The oil should be really good virgin oil from France or Italy. Black truffles I think are better for this than white so most likely they're going to be from France.

Hope this helps.

All commercial truffle oils are entirely artificial. It is possible to find artisanal truffle oils in France that are prepared with real truffle, but these are invariably less "impressive" than the artificial ones.

It's economics. Why would you use a lot of expensive truffle to make oil, when a few drops of a chemical soup will give you a facsimile of the real thing? Formulations exist for both black and white truffle, and they are widely used. Almost all truffle-flavoured products will be based on these chemical formulations.

The artificial aromas are like a cartoon version of the real thing: they use a few of the most important smell components, but exclude many others. A black truffle can have as many as fifty different aroma components - the truffle "aromas" may have five or six.

I use them to train my dog. The only acceptable use I have discovered is to lightly dress good french fries - ie where finesse doesn't matter.

Truffle butters are a much better way of preserving and presenting the real truffle experience, especially if you can find one that's been made without the assistance of chemicals...

Pip pip!

I don't know what I want, but I want it now.

On The Farm

Link to comment
Share on other sites

An oil importer told me that it's not possible to make a genuine truffle oil that lasts for more than a day or two. Certainly I've never found a genuine one. The trouble with it is that it mimics some of the qualities of the real thing so well that the real thing is slightly devalued-like frozen peas.

Link to comment
Share on other sites

An oil importer told me that it's not possible to make a genuine truffle oil that lasts for more than a day or two. Certainly I've never found a genuine one. The trouble with it is that it mimics some of the qualities of the real thing so well that the real thing is slightly devalued-like frozen peas.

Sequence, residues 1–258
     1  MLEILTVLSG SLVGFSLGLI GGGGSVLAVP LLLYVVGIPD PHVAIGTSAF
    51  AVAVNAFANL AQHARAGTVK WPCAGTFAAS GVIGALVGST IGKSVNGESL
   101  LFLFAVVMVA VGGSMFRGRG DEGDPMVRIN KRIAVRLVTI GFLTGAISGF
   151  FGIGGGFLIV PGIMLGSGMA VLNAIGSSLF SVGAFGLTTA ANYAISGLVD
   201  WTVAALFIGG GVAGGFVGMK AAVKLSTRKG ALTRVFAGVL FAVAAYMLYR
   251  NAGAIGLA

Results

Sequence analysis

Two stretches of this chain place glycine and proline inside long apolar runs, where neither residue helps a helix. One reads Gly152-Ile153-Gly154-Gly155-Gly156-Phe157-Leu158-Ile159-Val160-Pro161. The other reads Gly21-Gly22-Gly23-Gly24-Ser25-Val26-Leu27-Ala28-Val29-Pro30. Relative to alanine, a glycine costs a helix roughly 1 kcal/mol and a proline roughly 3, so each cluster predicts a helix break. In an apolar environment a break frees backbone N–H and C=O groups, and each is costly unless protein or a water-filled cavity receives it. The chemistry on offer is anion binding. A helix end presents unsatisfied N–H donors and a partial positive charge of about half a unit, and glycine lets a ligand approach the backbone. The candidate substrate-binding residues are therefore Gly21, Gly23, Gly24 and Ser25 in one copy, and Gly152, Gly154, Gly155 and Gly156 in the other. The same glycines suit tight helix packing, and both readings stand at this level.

No truffle oils keep well. Keeping them cool (in the fridge) helps.

I can't agree that the real thing is somehow devalued by the existence of the oils and other truffle-flavoured products ("truffled" "balsamic" vinegars are something I've seen recently!) - you only have to try a comparison to realise that dishes that use oil for their truffle flavouring are much less satisfying than the real thing - no complexity, often "chemical" in their directness. There is however a real danger that chefs who use the stuff will devalue truffles for their customers. "Truffle" becomes just another flavouring to be used, instead of something special and seasonal to be celebrated.

Pip pip!

I don't know what I want, but I want it now.

On The Farm

Link to comment
Share on other sites

I can't get truffle butter out here where I live, so I buy truffle oil instead, even though I think it tastes kind of like turpentine.  :unsure:

With any luck someone more helpful than myself will chime in soon.

Oh man! Thank heaven I am not alone! I received a gift of truffle oil and I gather it's a good one - nothing but olive oil and truffle flavour but I can't get past the smell! So it sits in my 'fridge and on my conscience like a mighty large fungus that keeps festering and festering!

Anna Nielsen aka "Anna N"

...I just let people know about something I made for supper that they might enjoy, too. That's all it is. (Nigel Slater)

"Cooking is about doing the best with what you have . . . and succeeding." John Thorne

Our 2012 (Kerry Beal and me) Blog

My 2004 eG Blog

Link to comment
Share on other sites

  • 6 months later...

I just grabbed a bottle of Da Rosario black truffle oil just to see what's what. "Black Perigord Truffle Flavoring" is listed as the only ingredient with olive oil. Am I correct in assuming that this ingredient did not come from truffles? It isn't listed as an artificial flavoring -- though I'm certainly likely to be naive about what food labels can get away with these days.